Although it’s not common, there are checking accounts that offer decent yields. But these accounts should not be your main place for storing savings.

Fees typically are nominal or waived if you maintain a minimum balance, set up direct deposit or use your debit card a certain number of times each month.

5. Treasury bills

Most checking and savings accounts, CDs and money market accounts offer deposit insurance up to $250,000. This is an important benefit.

But suppose you need to stash more than $250,000. In that case, you might want to look at U.S. Treasury bills, or T-bills, which are federal, short-term debt obligations with a maturity of one year or less. The longer the maturity, the more interest the investor earns.

T-bills also have the advantage of being liquid and easy to buy and sell. Plus, they are extremely safe with no risk of losing principal, since they are debt owned by the U.S. government.

T-bills are sold on the secondary market, such as through a broker or investment bank, or at auction on the TreasuryDirect site. They are sold to investors for less than face value.

6. Short-term bonds

If you’re planning to park your cash for at least five years, consider options that are more like investments than savings. An investment might generate a higher return, but all investments come with the risk that you could lose some or all of your money.

Unlike Treasury bills, short-term bonds don’t protect the principal. You could find that when you withdraw your money, you not only didn’t gain interest, but also lost some of the principal.

For example, a mutual fund that invests in short-term bonds might grow a little bit, but if interest rates rise, the value of the fund is likely to decrease. That’s because bond prices typically fall when interest rates rise. The longer the duration of a bond, the more vulnerable it is to rate fluctuations. That’s why some investors prefer short-term bonds.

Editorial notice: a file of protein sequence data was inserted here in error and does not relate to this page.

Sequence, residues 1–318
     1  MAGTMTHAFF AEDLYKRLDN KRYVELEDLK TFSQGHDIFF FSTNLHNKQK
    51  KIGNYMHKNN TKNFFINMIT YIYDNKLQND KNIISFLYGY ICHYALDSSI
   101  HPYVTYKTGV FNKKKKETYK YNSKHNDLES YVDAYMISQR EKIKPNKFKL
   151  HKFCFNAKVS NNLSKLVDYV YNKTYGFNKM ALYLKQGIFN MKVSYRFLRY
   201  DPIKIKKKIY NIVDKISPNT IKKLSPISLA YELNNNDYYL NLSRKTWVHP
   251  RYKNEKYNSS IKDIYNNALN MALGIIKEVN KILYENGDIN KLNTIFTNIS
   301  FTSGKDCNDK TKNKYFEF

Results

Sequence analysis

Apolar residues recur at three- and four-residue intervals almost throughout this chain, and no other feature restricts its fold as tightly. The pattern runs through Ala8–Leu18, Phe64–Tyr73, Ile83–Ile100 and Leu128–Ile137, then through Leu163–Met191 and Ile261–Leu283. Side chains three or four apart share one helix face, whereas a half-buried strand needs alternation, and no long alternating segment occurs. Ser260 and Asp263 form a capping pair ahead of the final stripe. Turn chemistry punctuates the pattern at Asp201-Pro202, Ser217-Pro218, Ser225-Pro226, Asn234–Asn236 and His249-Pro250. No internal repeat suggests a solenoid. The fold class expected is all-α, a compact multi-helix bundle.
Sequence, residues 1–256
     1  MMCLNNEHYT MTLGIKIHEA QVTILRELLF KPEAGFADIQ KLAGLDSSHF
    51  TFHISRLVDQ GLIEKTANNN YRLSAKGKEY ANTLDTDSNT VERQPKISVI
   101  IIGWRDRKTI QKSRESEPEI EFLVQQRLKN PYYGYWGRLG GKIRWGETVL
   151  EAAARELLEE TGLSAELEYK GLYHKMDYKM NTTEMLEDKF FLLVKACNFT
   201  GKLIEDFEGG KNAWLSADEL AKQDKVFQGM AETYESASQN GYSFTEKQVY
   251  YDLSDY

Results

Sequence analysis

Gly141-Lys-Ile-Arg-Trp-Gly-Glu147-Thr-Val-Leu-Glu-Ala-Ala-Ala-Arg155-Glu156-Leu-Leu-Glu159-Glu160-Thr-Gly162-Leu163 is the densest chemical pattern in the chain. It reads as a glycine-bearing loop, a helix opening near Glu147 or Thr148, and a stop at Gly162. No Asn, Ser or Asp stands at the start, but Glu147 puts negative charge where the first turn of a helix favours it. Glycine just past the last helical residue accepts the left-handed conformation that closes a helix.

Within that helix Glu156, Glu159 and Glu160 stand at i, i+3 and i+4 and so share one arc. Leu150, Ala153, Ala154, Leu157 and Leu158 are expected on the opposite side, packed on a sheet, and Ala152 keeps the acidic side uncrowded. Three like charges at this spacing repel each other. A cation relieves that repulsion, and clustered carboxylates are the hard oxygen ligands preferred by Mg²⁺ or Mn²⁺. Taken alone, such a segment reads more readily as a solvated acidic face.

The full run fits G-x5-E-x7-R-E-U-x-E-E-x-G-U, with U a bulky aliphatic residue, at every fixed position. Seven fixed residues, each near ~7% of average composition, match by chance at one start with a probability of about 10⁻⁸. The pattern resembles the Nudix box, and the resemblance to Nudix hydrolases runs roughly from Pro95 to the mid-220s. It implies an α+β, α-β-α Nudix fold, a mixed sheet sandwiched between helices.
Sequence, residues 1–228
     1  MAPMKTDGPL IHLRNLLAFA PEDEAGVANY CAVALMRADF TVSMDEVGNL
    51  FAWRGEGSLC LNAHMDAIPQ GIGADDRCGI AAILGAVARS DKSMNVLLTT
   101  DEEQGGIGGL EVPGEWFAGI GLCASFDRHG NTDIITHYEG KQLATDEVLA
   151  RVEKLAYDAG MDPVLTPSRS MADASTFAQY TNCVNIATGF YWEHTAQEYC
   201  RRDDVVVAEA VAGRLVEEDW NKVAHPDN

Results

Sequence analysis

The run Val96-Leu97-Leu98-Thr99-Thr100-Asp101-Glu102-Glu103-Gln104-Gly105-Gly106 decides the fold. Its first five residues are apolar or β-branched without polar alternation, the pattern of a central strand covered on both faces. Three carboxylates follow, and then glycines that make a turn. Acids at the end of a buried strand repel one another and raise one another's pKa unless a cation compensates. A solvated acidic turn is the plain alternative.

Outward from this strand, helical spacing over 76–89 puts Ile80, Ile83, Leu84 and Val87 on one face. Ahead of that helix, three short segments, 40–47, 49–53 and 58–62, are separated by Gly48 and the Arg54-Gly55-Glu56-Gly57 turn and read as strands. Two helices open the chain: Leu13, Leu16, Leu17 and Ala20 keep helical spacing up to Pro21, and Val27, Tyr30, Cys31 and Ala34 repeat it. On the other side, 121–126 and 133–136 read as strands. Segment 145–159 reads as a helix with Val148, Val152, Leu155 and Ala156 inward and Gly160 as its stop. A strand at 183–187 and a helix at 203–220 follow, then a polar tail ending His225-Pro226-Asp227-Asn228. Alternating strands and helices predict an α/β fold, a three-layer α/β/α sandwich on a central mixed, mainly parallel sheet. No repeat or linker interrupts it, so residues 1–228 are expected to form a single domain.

7. Riskier options: Stocks, real estate and gold

Some people have a high risk tolerance, while others are only comfortable with safe investments, especially if they are retired or close to retirement.

Stocks, for example, can lead to high returns, though investors will need to bear the inevitable ups and downs of the market. A good place to get started is with an S&P 500 index fund, which includes the largest, globally diversified American companies across every industry. This tends to make it less risky than other investing options and has returned about 10 percent annually over time to investors.

If you are looking to make a long-term investment, you may want to look into buying a home and potentially renting it. However, mortgage rates are rising, inflation is high and there is a housing supply shortage, so finding and securing a suitable property could be more difficult.

Another popular investment option — especially during tough economic times — is gold. Some investors see it as a safe place to park their money while others are more skeptical. Nonetheless, the decision to invest in gold should be a personal one.

Use a financial planner to help you decide

When deciding where to put your extra money, think about how it ties into your overall financial plan. Having a plan in place will give you clarity.

Consider seeking expert advice from a financial advisor, especially if you have questions regarding complicated topics like estate planning. More specialized financial topics can be hard to navigate and there’s no shame in getting a second opinion and some guidance.

Do some research before settling on a financial advisor. You want to ensure that the expert you choose is a good fit for you and your situation. First and foremost, always make sure that your financial advisor is a real fiduciary who is acting in your best interest.

Focusing on a solid financial plan makes it easier to decide which saving strategies work best for you.

— Bankrate’s Libby Wells contributed to an update of this story.